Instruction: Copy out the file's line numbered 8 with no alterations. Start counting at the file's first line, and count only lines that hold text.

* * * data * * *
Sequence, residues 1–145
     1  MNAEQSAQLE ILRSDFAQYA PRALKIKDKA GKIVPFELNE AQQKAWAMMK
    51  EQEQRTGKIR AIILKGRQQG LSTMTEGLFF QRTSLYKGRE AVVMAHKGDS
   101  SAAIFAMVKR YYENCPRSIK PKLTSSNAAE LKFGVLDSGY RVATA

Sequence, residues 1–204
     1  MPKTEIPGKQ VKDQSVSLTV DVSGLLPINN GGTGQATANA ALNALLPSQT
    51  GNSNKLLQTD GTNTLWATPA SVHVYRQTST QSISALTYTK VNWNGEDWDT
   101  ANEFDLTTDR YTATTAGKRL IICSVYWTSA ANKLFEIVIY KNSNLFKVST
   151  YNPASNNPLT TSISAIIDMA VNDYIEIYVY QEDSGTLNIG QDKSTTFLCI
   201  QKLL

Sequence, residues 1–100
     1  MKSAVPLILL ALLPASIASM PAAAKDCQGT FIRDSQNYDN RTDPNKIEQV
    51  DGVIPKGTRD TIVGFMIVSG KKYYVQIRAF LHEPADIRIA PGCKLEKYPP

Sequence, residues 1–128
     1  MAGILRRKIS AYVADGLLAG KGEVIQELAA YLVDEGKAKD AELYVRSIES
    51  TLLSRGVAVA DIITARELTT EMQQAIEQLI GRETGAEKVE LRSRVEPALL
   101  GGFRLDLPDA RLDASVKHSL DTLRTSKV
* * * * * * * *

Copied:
   101  ANEFDLTTDR YTATTAGKRL IICSVYWTSA ANKLFEIVIY KNSNLFKVST